Relation with Lake (class): None. Other Cemetery in the Area (OCA)  
Total nr. of casualties buried here (TC): at least 3 end WW2, today 1. 
Lake casualties, initially, end WW2 (LC-I): 0
Unknown today: 0
of which unknown from Lake (LC-U): 0
of which unknown from North Sea (NS-U): 0
Initial burial site in WW2.
Post war burial site for collection and reburial from other sites: no. 
Cemetery with Lake casualties today: no.


Callantsoog is a small village hidden behind very tall sand dunes which surround the village centre as castle walls. On the other side of the dunes it has a beach of almost 10 km in length. During WW2 Allied soldiers that washed ashore on this beach were transported to the North to Den Helder, a large (then German used) naval base. Or a few km to the South, to the sister village of Petten or Bergen aan Zee. Only a few victims were buried in Callantsoog itself. Today the only war grave is that of RAF Wing Commander N.D. Crockart. The others were moved after the war. 

Two weeks after David Crockart was interred, at least 2 French soldiers were also buried here, probably in the same plot. Next to Crockart the open spaces are visible today (see photo below). The sea brought these French soldiers 2 months after the Dunkirk evacuation which took place between May 26 and June 3rd 1940. Possible also 2 American airmen lay here, buried in 1943 and 1944. 


Dutch name cemetery: Callantsoog Hervormde kerk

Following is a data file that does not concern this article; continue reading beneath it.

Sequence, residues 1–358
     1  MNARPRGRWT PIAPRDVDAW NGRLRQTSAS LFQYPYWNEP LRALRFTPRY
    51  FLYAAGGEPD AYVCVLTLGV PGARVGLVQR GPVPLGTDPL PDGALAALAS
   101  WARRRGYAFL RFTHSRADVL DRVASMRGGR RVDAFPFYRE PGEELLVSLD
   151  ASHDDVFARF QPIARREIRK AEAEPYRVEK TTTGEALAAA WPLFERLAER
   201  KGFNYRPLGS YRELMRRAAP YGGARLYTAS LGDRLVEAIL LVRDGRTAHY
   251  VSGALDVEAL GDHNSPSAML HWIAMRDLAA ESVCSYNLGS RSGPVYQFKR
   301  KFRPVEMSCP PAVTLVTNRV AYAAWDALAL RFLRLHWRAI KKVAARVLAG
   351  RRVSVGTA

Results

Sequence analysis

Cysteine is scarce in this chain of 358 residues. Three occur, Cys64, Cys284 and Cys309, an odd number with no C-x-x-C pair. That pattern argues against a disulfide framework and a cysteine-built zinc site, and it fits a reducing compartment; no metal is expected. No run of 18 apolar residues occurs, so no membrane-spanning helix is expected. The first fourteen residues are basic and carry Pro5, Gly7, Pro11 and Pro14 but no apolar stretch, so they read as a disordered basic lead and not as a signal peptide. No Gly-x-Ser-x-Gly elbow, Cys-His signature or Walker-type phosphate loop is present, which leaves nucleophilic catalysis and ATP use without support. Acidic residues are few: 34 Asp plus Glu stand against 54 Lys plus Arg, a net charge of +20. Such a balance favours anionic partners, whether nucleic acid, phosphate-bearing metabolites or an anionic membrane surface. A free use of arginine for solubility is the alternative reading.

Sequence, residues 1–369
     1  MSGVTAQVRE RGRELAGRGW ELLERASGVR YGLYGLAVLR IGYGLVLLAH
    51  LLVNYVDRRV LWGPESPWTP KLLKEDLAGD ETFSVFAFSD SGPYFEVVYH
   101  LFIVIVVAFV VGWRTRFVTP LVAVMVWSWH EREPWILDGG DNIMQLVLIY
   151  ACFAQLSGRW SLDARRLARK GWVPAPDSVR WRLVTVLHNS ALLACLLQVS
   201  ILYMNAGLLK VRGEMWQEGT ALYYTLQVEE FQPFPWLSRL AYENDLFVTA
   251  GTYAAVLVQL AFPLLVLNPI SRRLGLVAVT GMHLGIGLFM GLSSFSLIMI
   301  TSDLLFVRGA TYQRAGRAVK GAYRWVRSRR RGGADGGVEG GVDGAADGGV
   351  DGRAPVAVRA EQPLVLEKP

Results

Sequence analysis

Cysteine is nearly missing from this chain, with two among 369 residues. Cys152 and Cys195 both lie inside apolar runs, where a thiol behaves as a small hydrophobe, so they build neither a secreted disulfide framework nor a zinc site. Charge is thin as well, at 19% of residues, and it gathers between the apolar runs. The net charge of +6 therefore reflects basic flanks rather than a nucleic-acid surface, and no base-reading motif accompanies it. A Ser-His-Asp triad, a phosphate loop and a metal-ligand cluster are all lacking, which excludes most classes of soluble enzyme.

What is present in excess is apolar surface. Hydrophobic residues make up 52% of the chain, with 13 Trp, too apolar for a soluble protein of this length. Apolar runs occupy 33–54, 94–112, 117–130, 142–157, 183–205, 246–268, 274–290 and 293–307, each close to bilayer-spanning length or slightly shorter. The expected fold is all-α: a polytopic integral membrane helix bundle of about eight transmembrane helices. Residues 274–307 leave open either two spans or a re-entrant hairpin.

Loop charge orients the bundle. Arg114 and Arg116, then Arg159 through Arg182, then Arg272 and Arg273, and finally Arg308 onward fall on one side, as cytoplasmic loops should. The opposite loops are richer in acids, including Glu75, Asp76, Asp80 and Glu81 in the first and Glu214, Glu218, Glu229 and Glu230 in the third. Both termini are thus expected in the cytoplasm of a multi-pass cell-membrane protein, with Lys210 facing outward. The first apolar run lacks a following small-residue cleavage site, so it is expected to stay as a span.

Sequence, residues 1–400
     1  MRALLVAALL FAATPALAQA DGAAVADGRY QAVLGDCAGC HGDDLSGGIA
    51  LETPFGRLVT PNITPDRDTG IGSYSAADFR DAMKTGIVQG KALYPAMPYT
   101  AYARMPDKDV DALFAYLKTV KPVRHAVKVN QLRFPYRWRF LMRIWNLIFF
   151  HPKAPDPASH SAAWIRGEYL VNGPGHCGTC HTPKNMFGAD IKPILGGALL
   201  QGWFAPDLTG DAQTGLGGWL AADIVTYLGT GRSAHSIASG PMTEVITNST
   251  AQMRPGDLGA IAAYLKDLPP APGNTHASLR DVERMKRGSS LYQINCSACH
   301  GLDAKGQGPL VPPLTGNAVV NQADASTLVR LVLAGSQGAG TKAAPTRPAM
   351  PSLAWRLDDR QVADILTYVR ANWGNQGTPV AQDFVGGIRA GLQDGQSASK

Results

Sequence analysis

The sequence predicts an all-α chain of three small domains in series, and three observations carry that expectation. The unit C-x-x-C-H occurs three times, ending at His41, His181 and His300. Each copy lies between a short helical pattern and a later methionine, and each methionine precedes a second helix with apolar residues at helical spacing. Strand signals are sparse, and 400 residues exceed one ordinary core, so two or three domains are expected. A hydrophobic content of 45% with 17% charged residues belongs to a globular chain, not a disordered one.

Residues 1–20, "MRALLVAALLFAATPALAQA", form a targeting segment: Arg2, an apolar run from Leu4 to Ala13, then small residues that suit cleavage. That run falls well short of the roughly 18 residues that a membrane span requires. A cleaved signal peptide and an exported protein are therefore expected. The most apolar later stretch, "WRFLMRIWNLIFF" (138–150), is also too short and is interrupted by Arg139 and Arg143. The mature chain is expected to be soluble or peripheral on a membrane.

Full name: Callantsoog Protestant Churchyard
Address (usable for car navigation):
Dorpsplein, Zeeweg of Kerkeplein. 

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Please use as subject title: 'Callantsoog'.

Graves of Wing Commander David Crockart and the French Army Adjudant (NCO) André Jacques Chéron of the 1st. Regiment Tirailleurs Marocains. He washed ashore and buried here 2 weeks after W/C Crockart and together with another French soldier who was never identified.

Today Adj. Chéron and his non-identied countrymen rest on the central French war cemetery in the Netherlands in Kapelle in grave F.1.10 and F.1.11. 

Wing commander Crockart and his crew crashed in the North Sea on 27th June 1940 after a raid on Hannover. Their aircraft was a Hampden of RAF 50 sqn. 10 days later Crockart washed ashore here, his life vest inflated. Sgt. Turner of his crew is MIA. Sgt. Ingram was buried end of July in south-west Denmark near Hvide Sande. His body followed the current, see image above. 

Crew member F/Sgt. W.T.J. Southey is also missing. However, the mayor of Petten (village just south of Callantsoog) reported to the Red Cross in The Hague that W.T.J. Southey, RAF, nr. 514566, had washed up on the beach of Callantsoog. Later, when he was asked for more information on the whereabouts of the body, the mayor answered "he was not buried in my community (Petten), I have no further details". 

F/Sgt. Southey's body is buried in Holland, no doubt, but his burial details and name got lost. He rests on another cemetery as Unknown Airman, a Sgt RAF or even as soldier, with no date on the headstone or a date between 10th July 1940 up to end March 1941.


- Magazine 'Broken Wings' Sept. 2006.
- Bevrijdingsmuseum Zeeland

© ZZairwar